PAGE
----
250 F2d 697 Electric Pipe Line v. Fluid Systems

250 F.2d 697

116 U.S.P.Q. 25

ELECTRIC PIPE LINE, Inc., Plaintiff-Appellant,
FLUID SYSTEMS, Incorporated, Defendant-Appellee.

No. 29, Docket 24536.

United States Court of Appeals Second Circuit.

Argued Nov. 12, 1957.
Decided Dec. 30, 1957.

James E. Nolan, Washington, D.C. (T. Clay Lindsey and John Prutzman, of Lindsey & Prutzman, Hartford, Conn., on the brief), for plaintiff-appellant.

Edmond M. Bartholw, of Rockwell & Bartholow, New Haven, Conn., for defendant-appellee.

Before CLARK, Chief Judge, MOORE, Circuit Judge, and LEIBELL, District judge.

CLARK, Chief Judge.

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Plaintiff, Electric Pipe Line, Inc., originally instituted this action for a declaratory judgment that its system for reducing the viscosity of heavy fuel oils did not infringe defendant's patented system designed for the same purpose. Plaintiff also maintained that defendant's patent, Lines No. 2,224,403, was invalid. Defendant counterclaimed for infringement, asking for damages and injunctive relief. The district court upheld the validity of the patent, determined that plaintiff's system was infringing, enjoined plaintiff from further use of its system, and referred the issue of damages to a Special Master for hearing and report. Electric Pipe Line v. Fluid Systems, D.C.Conn., 132 F.Supp. 123, affirmed 2 Cir., 231 F.2d 370. During the pendency of the damages proceeding, plaintiff devised five modifications of its infringing system which it claims do not infringe defendant's patent. This issue was also referred to the Special Master, who fixed damages for the original infringement and held that the five modified systems also infringed defendant's patent. The district court adopted the Special Master's report in substance, and plaintiff appeals from the resulting judgment awarding defendant $22,538.43, together with injunctive relief, interest, and costs.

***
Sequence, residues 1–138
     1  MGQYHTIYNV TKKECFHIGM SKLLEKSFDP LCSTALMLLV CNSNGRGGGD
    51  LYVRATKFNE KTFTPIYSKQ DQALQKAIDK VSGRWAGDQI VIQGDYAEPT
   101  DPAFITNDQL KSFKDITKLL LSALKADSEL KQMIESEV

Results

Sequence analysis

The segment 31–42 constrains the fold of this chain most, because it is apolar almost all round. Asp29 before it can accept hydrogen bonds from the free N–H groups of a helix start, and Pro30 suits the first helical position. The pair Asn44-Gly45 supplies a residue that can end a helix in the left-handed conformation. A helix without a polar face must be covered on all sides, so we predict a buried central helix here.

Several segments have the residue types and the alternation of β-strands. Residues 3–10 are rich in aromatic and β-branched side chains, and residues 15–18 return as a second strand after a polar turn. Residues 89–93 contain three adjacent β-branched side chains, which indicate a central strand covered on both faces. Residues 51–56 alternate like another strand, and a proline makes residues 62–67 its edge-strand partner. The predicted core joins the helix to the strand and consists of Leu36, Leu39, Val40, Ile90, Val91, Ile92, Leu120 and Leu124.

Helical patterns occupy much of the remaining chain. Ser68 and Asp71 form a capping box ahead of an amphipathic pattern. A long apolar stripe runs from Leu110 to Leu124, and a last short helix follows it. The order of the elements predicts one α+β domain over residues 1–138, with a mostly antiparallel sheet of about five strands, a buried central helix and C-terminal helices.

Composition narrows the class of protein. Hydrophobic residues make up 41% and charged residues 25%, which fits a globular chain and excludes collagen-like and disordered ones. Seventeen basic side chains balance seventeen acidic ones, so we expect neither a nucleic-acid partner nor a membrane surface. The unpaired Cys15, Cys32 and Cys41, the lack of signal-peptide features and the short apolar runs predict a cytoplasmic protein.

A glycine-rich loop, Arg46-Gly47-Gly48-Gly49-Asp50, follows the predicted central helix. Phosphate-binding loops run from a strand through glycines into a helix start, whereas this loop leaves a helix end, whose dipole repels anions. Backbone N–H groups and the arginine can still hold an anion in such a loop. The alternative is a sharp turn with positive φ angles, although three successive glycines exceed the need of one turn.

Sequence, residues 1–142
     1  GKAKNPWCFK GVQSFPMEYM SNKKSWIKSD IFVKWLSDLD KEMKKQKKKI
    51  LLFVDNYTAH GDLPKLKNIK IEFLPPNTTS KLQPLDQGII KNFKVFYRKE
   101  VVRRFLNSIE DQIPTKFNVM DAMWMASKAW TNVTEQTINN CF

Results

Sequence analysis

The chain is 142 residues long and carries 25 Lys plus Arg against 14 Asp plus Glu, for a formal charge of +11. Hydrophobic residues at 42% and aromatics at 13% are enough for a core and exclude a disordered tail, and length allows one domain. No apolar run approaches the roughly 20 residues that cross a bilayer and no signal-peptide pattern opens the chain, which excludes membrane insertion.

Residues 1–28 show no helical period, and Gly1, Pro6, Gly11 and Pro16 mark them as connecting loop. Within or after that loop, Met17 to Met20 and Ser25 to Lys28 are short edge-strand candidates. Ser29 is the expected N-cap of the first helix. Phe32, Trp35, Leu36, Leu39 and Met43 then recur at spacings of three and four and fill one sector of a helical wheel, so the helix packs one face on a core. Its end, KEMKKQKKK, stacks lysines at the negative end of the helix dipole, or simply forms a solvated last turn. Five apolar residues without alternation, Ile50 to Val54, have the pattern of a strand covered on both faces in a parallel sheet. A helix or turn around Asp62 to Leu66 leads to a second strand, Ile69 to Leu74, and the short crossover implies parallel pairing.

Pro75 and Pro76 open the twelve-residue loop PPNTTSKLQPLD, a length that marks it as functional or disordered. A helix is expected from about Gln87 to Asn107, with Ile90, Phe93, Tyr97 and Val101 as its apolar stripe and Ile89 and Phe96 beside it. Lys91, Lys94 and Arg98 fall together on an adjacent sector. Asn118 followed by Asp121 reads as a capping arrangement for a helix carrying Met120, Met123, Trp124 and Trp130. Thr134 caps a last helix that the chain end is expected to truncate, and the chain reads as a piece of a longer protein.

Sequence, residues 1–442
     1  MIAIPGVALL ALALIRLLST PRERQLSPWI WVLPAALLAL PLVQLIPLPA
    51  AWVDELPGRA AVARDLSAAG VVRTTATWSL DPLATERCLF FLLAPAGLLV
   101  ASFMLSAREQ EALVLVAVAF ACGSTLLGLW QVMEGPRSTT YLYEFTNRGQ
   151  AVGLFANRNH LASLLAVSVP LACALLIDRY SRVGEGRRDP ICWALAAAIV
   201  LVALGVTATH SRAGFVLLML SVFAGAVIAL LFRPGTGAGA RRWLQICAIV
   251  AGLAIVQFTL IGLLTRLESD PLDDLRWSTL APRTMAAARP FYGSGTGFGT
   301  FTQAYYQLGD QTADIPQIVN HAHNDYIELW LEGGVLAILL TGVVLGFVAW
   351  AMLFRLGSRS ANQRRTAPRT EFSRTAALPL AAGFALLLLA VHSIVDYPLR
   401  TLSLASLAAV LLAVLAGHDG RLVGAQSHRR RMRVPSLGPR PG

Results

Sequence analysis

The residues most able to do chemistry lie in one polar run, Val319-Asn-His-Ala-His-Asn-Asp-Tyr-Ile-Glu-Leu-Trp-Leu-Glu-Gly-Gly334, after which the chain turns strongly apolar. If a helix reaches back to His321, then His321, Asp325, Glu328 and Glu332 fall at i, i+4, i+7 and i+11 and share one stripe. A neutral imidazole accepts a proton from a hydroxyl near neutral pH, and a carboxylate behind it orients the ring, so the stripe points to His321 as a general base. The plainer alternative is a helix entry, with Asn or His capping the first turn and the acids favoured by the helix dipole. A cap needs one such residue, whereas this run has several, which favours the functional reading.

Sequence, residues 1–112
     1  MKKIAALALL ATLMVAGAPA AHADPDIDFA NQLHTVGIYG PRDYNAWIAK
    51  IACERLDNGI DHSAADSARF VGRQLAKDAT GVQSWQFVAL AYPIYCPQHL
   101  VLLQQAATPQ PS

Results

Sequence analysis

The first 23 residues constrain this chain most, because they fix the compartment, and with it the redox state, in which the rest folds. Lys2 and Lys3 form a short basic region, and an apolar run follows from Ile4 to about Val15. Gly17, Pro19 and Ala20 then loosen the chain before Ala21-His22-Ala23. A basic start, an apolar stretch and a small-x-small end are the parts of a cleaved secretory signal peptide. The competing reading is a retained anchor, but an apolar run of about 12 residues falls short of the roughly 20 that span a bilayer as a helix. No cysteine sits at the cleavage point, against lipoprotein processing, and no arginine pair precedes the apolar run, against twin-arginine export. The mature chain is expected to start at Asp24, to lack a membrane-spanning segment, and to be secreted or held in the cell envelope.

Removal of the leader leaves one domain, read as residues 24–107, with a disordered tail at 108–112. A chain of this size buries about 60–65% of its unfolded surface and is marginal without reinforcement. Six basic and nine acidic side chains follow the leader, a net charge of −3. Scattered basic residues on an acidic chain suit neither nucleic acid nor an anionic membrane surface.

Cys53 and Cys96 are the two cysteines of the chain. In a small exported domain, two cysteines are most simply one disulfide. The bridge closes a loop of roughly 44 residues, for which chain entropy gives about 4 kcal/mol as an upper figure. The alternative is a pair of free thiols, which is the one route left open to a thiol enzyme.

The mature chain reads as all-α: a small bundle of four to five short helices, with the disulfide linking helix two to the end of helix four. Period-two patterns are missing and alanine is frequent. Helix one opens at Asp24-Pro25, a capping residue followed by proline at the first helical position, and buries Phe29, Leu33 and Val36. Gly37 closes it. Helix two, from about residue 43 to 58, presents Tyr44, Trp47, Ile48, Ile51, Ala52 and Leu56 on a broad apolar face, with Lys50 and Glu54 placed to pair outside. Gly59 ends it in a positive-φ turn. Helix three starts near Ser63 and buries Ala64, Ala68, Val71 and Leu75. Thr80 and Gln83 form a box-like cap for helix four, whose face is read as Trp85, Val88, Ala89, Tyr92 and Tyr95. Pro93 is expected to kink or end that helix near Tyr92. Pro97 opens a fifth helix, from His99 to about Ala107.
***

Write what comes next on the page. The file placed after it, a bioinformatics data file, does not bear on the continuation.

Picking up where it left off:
The Lines patent solved the problem of economically preheating heavy fuel oils used in the heating systems of large buildings. This is necessary, because the high viscosity of the cold oil prevents it from flowing from the supply take to the burner. Under defendant's patent, cold oil is heated in electrically charged intake pipes and excess heated oil from the burner mixes with cold oil from the tank and is returned to the burner. This is accomplished without diffusing the excess heated oil throughout the entire supply tank through the use of concentric intake and return pipes. The inner heated pipe, through which oil is drawn from the tank to the burner, is surrounded by a larger outer pipe which carries excess oil back from the burner to the tank. Complete diffusion is prevented because the intake pipe is shorter than the return pipe and the latter is located near the floor of the tank.